Wednesday, March 20, 2013

Ten Least Threatening Boxing Nicknames

Your weekly top-ten list to discuss at work, church, and at the bar; though not necessarily in that order. I'm not sure if any of the nicknames are trademarked, but do the boxing world a favor by not taking on any of these nicknames and quite possibly ruining them.

1. "Baby" Joe Messi. WBC USNBC Heavyweight Champ. KO'd 29 of 36 opponents.
2. Jerry "Wimpy" Halstead. WBB Heavyweight Champ. 74% of wins by KO.
3. Ronald 'Winky" Wright. Light Middleweight Champ. Schooled Trinidad and Mosley.
4. Pernell 'Sweet Pea" Whitaker. Greatest Lightweight Ever.
5. "School Boy" Darrin van Horn. World Light Middleweight Champ. KO'd by Iran Barkley.
6. "Sugar" Ray Robinson. Greatest Welterweight. KO'd 177 in amateur & pro career.
7. "Gentleman Jim" Corbett. World Heavyweight Champ. Had only 24 fights. 
8. Saul "Canelo" Alvarez. WBC Light Middleweight Champ. Name means cinnamon.
9. Eric "Butterbean" Esch. King of the Four-Rounders. Owns Mr Bean BBQ restaurant.
10. "Pretty Boy" Floyd Mayweather. Welterweight Champ. Only two have used this nickname. One took on all challengers, the other is Mayweather.

Tuesday, March 12, 2013

One Tough Challenge

Boxers and Trainers,

One of the biggest challenges you'll face as a boxer is keeping your weight under control. The biggest factor in that challenge are white carbohydrates. White carbohydrates, the so-called bad carbs, are refined and/or heavily processed foods such as white bread, white rice, pasta and potatoes that break down quickly in the digestive system into glucose (sugar) and flood the bloodstream causing blood sugar and insulin to spike. The physiological effects include fast weight gain, blood sugar spikes, and difficulty in maintaining weight regardless of the amount of exercise. The long-term effects take their toll on the liver, causes overall wear and tear on the body, and makes the boxer and trainer focus on weight management instead of boxing skills. The white carb challenge does have an answer by eating certain foods, making small changes over time, and focusing on small snacks throughout the day.

Boxing is hard enough without having to deal with the effects of white carbs. White carbs will cause you to add more weight than other seemingly unhealthy foods, such as a big juicy steak, carnitas tacos, and steak fajitas. That's right, an innocent-looking plate of spaghetti (that has little to no nutritional value) will cause you more weight gain than a good-sized steak dinner. The resulting flood of glucose causes a blood-sugar spike resulting in tiredness, sleepiness, and even blurry vision. Not exactly the best way to enter a boxing match. The innocent-looking white carbs make it all but impossible to deal with weight in a controllable manner, as if you are driving with one foot on the gas and the other on the brake.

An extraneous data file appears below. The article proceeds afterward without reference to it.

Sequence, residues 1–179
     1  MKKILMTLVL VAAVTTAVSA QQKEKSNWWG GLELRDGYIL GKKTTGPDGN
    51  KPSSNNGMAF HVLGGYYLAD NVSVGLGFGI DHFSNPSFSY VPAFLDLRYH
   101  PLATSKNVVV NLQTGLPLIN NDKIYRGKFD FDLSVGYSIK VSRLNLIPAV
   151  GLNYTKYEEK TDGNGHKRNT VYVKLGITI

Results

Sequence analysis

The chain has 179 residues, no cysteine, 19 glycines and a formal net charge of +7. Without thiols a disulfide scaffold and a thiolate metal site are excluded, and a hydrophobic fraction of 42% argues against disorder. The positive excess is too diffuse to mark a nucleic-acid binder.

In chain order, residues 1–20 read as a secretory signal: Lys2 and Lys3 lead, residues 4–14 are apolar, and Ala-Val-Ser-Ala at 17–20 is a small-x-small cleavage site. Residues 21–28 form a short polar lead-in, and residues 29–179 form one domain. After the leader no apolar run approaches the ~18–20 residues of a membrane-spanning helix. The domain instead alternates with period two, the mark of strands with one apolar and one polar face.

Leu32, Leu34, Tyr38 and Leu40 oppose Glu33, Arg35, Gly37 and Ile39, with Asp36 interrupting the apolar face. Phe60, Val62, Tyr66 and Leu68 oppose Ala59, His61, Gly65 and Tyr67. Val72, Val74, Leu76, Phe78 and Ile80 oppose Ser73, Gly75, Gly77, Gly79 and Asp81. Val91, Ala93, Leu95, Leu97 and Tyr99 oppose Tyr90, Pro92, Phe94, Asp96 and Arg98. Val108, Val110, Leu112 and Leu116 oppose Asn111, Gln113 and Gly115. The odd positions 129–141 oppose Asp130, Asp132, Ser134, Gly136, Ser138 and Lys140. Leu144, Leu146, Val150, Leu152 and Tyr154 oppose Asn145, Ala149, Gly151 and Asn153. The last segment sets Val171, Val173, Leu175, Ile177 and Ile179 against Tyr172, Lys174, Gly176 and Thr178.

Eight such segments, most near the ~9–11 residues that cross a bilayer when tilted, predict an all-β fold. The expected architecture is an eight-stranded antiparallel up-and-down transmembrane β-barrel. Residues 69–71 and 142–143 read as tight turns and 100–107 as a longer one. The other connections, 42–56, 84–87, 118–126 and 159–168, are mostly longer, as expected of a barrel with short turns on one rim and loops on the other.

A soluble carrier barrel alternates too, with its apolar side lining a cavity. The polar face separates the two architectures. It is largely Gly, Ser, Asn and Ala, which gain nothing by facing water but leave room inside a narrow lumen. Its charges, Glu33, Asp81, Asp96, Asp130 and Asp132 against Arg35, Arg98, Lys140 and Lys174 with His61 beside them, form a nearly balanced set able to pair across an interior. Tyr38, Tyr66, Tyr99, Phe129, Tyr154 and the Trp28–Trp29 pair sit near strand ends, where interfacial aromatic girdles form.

The effects of white carbs are damaging in the long term. The liver is probably what suffers most as insulin levels are constantly trying to keep up with the glucose spikes. Day after day, month after month, and year after year, the liver is working essentially overtime for you. No doubt that losing and gaining weight again and again also takes its toll on the overall health of the body, especially the heart and digestive system. Also, rather than focusing on gaining skill and quality of training, the boxing team instead, especially in the beginning of training camp, focuses on losing weight and increasing quantity of training at the expense of quality.

If there was one answer it would be to cut out white carbs completely. Within a couple of weeks you will notice more energy and see that pounds disappear easily without even focusing on weight loss. But completely cutting out white carbs is neither practical nor would it last. White carbs are everywhere and such a big part of our eating habits. Here are, however, three steps to help you decrease white carbs from your eating habits:

1. Substitute white carbs for good carbs, such as beans, green vegetables, quinoa, whole wheat bread, oatmeal, brown rice, whole wheat pasta, and sweet potatoes.
2. Make small changes, such as avoiding white carbs only after 2pm in the day. That way, if you eat them, you'll have time to burn them off throughout the day.
3. Eating small snacks (mainly nuts and green vegetables) throughout the day will keep those cravings from getting out of control.

What white carbs do you crave the most?